Cardinal Virtues

There are many virtues that help Catholics to do good and to avoid evil but all of the moral virtues can be traced back to the four Cardinal Virtues of prudence, justice, fortitude, and temperance.

Unlike the special Theological Virtues of faith, hope, and charity which are infused into the soul at Baptism, the Cardinal Virtues are acquired by human will through action and education. Virtues are developed with regular practice.

From the Latin word cardo, which means “hinge”, the Cardinal Virtues are the four chief virtues which are central to living a good life as a Catholic, helping man to control his passions, to master himself, and to live in harmony with others.

The virtue of prudence allows a person to know what the right thing to do is and how to do it. Prudence is first among the virtues because it reveals both what is truly good and the right way to achieve the good.

Justice is the virtue that controls relationships between people, seeing that everyone receives what they are owed. Justice applies to relationships with God, other individuals, and society.

Fortitude is also known as courage. This virtue overcomes fear and gives a person the strength to do what is right even against great challenges or when facing strong resistance.

Temperance is the virtue that gives a person control over their emotions and passions. It allows a person to recognize and enjoy the good things in life without overindulging in them.

Virtues that all Catholics should know:

Father Ian VanHeusen

The hinge of all of the virtues:


If riches are desirable in life, what is richer than Wisdom, who produces all things? And if prudence is at work, who in the world is a better artisan than she? Or if one loves righteousness, whose works are virtues, She teaches moderation and prudence, righteousness and fortitude, and nothing in life is more useful than these.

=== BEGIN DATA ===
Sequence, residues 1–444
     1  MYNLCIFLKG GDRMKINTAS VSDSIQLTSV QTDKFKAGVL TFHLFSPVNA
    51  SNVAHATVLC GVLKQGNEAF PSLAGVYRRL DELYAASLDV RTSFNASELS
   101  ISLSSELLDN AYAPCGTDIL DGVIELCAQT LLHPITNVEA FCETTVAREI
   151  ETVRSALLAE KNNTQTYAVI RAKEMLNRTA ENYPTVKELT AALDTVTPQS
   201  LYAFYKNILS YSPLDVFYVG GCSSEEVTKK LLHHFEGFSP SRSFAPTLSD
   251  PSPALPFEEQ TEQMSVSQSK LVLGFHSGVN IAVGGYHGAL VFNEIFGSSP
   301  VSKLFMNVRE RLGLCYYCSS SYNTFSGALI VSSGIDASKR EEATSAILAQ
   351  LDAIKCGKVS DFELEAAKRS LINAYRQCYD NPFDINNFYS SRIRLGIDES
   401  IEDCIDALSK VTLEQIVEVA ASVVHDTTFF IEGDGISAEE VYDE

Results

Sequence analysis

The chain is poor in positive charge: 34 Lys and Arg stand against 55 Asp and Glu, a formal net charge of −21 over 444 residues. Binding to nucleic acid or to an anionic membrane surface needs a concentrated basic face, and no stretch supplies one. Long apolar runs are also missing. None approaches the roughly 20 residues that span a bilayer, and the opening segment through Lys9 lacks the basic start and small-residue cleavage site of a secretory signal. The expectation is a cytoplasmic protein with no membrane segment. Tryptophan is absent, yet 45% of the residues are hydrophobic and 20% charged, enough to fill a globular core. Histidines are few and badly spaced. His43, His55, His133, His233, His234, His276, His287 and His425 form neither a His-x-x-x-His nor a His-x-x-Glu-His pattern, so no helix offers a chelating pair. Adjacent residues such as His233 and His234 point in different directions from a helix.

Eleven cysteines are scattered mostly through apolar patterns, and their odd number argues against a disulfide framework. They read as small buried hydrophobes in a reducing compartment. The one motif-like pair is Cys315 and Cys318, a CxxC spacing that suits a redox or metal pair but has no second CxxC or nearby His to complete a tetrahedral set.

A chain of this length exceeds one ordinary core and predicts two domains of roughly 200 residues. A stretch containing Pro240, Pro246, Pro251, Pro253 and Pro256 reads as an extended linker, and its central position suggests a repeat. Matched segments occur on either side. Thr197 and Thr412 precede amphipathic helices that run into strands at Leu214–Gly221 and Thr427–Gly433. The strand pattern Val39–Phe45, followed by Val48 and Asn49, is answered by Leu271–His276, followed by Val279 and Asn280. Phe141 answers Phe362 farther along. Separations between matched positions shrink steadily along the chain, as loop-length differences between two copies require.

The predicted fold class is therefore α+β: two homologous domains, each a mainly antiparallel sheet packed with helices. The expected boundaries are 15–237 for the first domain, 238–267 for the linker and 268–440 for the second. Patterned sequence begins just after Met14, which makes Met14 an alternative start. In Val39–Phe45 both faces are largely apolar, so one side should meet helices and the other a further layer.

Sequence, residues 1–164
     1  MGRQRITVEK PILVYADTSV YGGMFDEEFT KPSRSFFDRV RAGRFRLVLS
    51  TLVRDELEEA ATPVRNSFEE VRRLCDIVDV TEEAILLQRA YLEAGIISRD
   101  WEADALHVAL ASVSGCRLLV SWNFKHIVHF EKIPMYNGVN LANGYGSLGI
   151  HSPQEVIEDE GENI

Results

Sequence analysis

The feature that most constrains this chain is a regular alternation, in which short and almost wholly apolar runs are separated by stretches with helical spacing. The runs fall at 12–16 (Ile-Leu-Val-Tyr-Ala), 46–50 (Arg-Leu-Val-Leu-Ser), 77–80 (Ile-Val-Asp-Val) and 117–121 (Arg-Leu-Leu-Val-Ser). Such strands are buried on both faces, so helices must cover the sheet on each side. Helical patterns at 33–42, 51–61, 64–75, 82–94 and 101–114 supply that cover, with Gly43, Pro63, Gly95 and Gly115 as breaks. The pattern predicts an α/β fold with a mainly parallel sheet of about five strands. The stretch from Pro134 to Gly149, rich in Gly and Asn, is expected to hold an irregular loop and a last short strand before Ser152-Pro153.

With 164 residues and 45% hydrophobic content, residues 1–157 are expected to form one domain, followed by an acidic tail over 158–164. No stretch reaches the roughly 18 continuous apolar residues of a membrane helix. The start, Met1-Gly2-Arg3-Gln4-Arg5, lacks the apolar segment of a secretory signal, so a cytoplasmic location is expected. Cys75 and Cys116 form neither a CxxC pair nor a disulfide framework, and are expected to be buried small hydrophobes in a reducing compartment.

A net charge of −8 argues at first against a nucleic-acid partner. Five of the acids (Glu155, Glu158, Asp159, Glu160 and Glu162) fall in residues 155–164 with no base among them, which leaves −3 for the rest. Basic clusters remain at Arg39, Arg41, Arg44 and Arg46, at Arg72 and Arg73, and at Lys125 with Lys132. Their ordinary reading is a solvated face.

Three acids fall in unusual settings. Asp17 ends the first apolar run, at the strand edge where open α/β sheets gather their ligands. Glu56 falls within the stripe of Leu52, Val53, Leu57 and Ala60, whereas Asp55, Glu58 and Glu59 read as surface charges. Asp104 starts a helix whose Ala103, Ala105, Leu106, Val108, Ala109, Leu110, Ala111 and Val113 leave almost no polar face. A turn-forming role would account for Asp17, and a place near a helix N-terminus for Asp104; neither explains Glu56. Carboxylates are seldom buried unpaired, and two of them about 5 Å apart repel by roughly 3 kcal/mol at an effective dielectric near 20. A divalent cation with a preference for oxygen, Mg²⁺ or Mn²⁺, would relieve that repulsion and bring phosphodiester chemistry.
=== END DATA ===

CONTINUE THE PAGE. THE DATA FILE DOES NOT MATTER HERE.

Wisdom 8: 5-7

All of the virtues depend on these fundamental virtues:

Fr. Michael Sliney, LC

Helping man to make good and holy decisions:

Fr David Mary Engo

Four primary moral virtues:

Dominican Media Presents

Four virtues play a pivotal role and accordingly are called “cardinal”; all the others are grouped around them. They are: prudence, justice, fortitude, and temperance. “If anyone loves righteousness, [Wisdom’s] labors are virtues; for she teaches temperance and prudence, justice, and courage.” These virtues are praised under other names in many passages of Scripture.

Catechism of the Catholic Church 1805

The building blocks to human flourishing:

The Thomistic Institute

The foundation of all of the human virtues:

Mike Brummond

When we speak of virtues—not only these cardinal ones, but all of them, every virtue—we must always have in mind the real man, the actual man. Virtue is not something abstract, detached from life, but, on the contrary, it has deep “roots” in life itself, it springs from the latter and forms it. Virtue has an impact on man’s life, on his actions and behaviour. It follows that, in all these reflections of ours, we are speaking not so much of the virtue as of man living and acting “virtuously”; we are speaking of the prudent, just and courageous man, and finally, precisely today, we are speaking of the “temperate” (or “sober”) man.

Pope John Paul II, General Audience, 22 November 1978

Regulating the intellect, will, passions and emotions:

Fr Gabriel of Sacred Heart and Saint Michael’s

Four powers to lead a moral life:

Fulvio Di Blasi

The Truth, Goodness, and Beauty of the Catholic Church

Faith is reasonable:


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